Scandals, Crime and Corruption along the Great North Road
6.0 The Stolen Stones of Bucketty
The Great North Road itself was born out of crime. Criminals built the Great North Road; it was a criminal offence that led to the formation of the Project, modern-day prisoners are working on the Road, and are assisting us in maintaining parts of the Road; and now criminal offences are taking place again. The Thompson Bridge and the Murray Run culverts were recently damaged by vandals and more sandstone stones were stolen – this time from a section known as the St Albans Ramp.
6.01 Murder Most Foul - The Tale of a Blue Basin and Tin Quart Pot
The first murder victim in Dural was Thomas Fuller who was shot in 1828 for stealing a blue basin and a tin quart pot. This article outlines his story and what happened to his killer.
6.02 Henry Martineer Road Party Overseer sacked for transporting his fowls ina Government Cart
Drawn by Gillian James
6.03 Abduction, Rape and Robbery at Laguna
This article details an event that occurred in 1834 near Laguna that horrified the few European women living in the Wollombi Valley. A group of Aboriginal males came to the hut of John and Sarah Lynch. Their servant Margaret Hanshall was gang raped at gun point by the whole group. Life in the isolated regions of the colony was frightening for women who heard of such instances. The two leaders of the Aboriginal group were sentenced to execution.
6.04 Straight and Crooked Thinking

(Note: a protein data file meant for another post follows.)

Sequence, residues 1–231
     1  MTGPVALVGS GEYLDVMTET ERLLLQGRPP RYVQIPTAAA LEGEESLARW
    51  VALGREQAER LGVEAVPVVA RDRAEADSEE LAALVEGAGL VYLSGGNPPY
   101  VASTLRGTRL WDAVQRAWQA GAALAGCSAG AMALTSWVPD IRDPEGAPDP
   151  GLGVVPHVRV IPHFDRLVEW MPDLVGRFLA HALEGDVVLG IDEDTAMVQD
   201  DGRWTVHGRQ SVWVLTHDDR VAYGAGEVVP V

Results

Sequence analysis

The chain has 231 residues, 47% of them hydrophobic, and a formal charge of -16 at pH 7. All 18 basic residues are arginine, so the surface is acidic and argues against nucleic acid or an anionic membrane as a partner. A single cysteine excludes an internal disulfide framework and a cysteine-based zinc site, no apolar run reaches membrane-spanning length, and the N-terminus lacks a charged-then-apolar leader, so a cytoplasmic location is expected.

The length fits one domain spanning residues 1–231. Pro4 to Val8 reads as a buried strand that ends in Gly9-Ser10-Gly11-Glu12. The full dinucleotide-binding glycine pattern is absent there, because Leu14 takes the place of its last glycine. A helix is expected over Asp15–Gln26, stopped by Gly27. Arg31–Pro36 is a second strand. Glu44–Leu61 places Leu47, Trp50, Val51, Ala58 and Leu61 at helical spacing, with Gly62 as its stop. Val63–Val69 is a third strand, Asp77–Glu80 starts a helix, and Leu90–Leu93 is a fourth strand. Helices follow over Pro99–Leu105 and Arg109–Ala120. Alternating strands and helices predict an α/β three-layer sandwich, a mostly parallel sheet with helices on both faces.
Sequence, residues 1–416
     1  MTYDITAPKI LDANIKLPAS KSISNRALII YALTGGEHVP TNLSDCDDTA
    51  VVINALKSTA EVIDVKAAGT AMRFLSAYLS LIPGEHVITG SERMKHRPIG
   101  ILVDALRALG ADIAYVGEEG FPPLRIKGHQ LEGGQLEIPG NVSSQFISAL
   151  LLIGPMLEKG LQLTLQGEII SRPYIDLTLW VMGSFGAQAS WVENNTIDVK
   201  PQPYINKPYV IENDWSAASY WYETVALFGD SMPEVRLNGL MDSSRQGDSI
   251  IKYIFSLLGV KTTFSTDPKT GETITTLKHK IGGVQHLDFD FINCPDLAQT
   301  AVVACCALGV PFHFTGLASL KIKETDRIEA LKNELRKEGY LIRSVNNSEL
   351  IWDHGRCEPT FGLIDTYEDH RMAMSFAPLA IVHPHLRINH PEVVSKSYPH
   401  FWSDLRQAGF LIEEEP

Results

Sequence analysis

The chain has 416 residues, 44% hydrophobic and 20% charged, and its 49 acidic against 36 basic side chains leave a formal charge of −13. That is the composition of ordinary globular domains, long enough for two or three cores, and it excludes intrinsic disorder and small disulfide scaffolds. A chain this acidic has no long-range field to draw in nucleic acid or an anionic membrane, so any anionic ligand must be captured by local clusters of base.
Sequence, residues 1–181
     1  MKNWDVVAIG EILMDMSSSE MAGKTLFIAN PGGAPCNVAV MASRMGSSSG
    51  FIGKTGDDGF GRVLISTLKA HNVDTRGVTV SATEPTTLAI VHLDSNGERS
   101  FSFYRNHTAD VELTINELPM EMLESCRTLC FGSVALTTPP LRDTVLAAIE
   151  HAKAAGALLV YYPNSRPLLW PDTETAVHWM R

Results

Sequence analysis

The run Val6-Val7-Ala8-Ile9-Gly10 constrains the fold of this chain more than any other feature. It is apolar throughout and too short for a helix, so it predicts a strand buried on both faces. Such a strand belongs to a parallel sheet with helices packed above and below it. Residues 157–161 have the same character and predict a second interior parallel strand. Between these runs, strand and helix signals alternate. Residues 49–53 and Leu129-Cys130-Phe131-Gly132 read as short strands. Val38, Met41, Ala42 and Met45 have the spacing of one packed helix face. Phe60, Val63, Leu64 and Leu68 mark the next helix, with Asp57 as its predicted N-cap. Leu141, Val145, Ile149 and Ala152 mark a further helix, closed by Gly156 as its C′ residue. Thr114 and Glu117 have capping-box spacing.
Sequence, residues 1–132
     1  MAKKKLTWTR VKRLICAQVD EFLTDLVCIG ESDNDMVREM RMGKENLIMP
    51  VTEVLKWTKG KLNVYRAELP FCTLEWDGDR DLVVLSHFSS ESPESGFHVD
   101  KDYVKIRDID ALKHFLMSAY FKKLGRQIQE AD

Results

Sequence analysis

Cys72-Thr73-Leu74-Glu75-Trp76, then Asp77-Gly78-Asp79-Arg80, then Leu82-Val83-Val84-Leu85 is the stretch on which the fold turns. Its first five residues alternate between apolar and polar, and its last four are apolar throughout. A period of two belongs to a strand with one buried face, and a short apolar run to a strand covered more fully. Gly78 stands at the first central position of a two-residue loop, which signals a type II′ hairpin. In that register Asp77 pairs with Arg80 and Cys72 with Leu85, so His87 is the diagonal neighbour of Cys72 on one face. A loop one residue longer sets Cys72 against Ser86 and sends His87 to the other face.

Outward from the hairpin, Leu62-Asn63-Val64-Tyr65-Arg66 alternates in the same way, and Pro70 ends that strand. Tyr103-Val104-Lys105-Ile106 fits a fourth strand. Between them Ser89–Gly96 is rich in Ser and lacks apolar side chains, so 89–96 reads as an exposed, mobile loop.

This article outlines the influence of Governor Darling on the colony. Some of the major influences were in Banks, Administration, Land and convict labour, exploration, surveying, roads and The Great North Road.
6.05 Henry Harris - a pawn of Governor Darling's games
Governor Darling used his power to remove convicts from people he did not like. Henry Harris was one of those convicts who was shifted around as a pawn in Governor Darlings games. His movements are explained and the question is raised whether he might have lived a longer fuller life had he not become a pawn in these power games.
6.07 To be worked in Irons
This is a very brief extract from the Maitland Mercury, 17 October 1846, about men now sentenced to be worked in irons.
6.08 MacDonald Explorer turned Bushranger
This article recounts the story of John McDonald, who was a convict that should have done well in NSW but after 14 years in Australia something went awry and it appears he ended his life being shot as a bushranger aged thirty one.
6.09 Bushrangers along the Great North Road
This detailed article explains who bushrangers were and provides some examples of those who worked along the Great North Road.